Valerie Mmanthe Mampshika,[Bachelor of Arts in Psychology and English].
After 55 years of highs and lows since it’s establishment,Pick n Pay pulled another trick out of their bag by mentioning that they intend to accept bitcoin payments at all their tills in in the upcoming months,if the initial pilot test is a success.
In an update on Tuesday this week, the store chain said there has been an expansion in terms of pilot testing more stores, and at the present moment 39 stores namely Langeberg Mall,Sedgefield,Stellenbosch Central,Stellenbosch Square,Paarl Mall, Willowbridge,Local Big Bay,Table Bay Mall, Cavendish,Kenilworth,Kenilworth Campus,Kenilworth Pam Golding,Seapoint, Waterfront,Mall of Africa,Mall of the North,Mall of the South,Menlyn Mall, Nelspruit,PnP on Nicol,Liberty Midlands Mall,The Pavilion,Tshwane Mall,Beacon Bay, Uitenhage,Bedford view,Centurion,Fourways Mall,PnP Qualisave Carlton Centre,PnP Qualisave Diepsloot,PnP Qualisave Midrand,PnP Qualisave Rustenburg,PnP Qualisave Commercial Road,PnP Qualisave North Beach,PnP Qualisave The Workshop,PnP Qualisave Goodwood,Hyper Bloemfontein,Hyper Durban North,Hyper Northgate,and Hyper Ottery will accept bitcoin payments.
The first pilot test was done in 10 Western Cape stores taking bitcoin over the past five months, after a years-long pause since Pick n Pay first dipped its toes into cryptocurrency waters.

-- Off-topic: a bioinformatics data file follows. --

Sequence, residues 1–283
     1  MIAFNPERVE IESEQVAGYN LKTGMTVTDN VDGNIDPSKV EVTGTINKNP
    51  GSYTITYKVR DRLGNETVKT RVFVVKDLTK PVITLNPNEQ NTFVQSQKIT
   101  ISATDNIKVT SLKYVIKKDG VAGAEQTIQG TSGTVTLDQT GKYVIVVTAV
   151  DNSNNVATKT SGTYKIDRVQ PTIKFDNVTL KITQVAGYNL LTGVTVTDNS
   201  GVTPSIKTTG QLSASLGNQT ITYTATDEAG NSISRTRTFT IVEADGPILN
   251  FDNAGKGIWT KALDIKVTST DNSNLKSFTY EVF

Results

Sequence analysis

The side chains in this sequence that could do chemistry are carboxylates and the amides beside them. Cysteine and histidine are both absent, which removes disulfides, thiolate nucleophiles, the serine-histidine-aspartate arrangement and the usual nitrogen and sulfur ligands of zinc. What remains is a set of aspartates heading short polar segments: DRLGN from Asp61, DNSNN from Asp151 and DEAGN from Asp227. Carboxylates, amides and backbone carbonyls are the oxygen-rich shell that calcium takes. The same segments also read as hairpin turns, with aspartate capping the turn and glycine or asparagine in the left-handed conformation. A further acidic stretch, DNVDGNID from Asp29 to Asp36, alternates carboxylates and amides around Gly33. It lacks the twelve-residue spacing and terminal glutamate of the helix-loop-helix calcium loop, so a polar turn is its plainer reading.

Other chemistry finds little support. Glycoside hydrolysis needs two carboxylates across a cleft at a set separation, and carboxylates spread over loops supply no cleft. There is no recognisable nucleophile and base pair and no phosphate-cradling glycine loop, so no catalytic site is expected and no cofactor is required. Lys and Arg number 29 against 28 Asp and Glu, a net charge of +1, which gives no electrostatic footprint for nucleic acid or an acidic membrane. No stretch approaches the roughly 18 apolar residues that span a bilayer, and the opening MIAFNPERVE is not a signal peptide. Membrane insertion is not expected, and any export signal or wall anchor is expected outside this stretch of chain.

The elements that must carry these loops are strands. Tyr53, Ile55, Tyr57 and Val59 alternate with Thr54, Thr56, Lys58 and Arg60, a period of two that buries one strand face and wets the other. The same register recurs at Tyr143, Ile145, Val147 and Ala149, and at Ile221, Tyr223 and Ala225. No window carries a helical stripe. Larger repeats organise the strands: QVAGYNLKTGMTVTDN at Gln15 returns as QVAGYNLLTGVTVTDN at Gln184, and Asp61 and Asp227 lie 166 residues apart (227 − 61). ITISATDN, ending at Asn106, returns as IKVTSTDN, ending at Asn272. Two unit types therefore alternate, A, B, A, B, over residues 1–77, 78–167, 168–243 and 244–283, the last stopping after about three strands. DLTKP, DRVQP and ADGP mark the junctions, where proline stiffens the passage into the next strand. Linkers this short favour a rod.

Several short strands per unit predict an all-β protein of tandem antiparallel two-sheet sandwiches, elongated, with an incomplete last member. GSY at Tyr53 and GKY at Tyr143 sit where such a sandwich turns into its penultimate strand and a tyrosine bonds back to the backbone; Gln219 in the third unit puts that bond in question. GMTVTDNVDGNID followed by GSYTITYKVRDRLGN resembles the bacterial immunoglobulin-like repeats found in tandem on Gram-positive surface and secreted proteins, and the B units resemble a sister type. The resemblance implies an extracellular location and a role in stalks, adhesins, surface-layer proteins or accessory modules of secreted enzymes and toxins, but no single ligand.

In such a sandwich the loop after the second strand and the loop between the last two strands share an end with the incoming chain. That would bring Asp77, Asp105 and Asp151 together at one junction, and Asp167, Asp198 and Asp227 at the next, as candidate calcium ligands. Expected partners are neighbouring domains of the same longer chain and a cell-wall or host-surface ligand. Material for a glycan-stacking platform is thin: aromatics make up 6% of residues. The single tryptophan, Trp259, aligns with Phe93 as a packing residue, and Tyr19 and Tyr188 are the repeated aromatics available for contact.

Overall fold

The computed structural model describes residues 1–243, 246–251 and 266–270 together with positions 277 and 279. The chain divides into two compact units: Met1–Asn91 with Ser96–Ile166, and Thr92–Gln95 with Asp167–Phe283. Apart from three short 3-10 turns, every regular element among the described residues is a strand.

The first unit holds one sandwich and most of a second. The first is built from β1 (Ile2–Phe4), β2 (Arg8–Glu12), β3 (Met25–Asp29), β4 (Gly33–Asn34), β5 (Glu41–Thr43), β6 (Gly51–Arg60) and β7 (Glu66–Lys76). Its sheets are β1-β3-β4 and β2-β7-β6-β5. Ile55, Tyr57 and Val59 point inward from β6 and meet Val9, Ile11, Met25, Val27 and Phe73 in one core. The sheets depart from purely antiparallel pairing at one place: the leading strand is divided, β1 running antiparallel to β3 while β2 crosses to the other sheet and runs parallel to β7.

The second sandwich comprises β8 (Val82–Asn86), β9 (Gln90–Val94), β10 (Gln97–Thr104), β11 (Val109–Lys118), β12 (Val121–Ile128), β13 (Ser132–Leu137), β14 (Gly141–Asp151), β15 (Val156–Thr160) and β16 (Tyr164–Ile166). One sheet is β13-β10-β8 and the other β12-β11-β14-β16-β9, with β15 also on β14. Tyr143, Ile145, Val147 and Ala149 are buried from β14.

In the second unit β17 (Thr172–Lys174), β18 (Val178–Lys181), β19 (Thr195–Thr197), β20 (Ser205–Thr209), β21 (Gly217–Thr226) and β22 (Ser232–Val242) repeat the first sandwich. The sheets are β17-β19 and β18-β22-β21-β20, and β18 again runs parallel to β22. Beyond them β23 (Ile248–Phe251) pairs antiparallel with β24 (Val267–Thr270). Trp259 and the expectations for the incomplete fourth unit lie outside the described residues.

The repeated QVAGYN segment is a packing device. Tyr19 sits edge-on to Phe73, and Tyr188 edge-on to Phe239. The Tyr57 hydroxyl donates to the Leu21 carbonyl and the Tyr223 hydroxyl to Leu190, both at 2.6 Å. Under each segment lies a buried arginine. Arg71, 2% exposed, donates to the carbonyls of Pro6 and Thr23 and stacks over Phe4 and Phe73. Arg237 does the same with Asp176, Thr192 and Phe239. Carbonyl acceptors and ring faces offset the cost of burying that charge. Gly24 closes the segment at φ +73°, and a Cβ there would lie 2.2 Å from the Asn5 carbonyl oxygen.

Five years ago the store reported that it tried out crypto payments at a canteen store at its head office in Johannesburg although the headquarters were in Cape Town initially which served as proof of the bitcoin concept, even though the accessible technology was costly before for the customers,and the finalisation of the transaction took longer than anticipated to make it sustainable.
Now, it says, transactions take a matter of seconds, after setting up a range of available software solutions on a smartphone.
Payments use the Bitcoin Lightning system, which is layered on top of the Bitcoin ecosystem that is famously slow and costly for daily transactions. Using Bitcoin Lightning though, Pick n Pay says, takes less than a minute which is much easier than customers swiping their debit cards.
Looking at the current statistics and calculations the Pick n Pay head office has confirmed that the average cost of a transaction is 70 cents which is equivalent to the price of plastic bags in the South africa.
In order to pay with bitcoin, you’ll need an app that supports Bitcoin Lightning. That can be a non-custodial wallet, such as Zap or Muun, or a custodial wallet, such as Strike or Wallet of Satoshi.
The app, once set up and loaded with bitcoin, can be connected to the CryptoQR scanner app, which in turn can scan a QR code at the point of payment. Then you have to accept the conversation rate from bitcoin to rand that is offered on your smartphone, and you are done.
Since Pick n Pay is the first major retailer in Africa to test Lightning Network spells out easily that the retailer might have enough funds,and we wonder if other retailers will look into the concept of paying with bitcoin.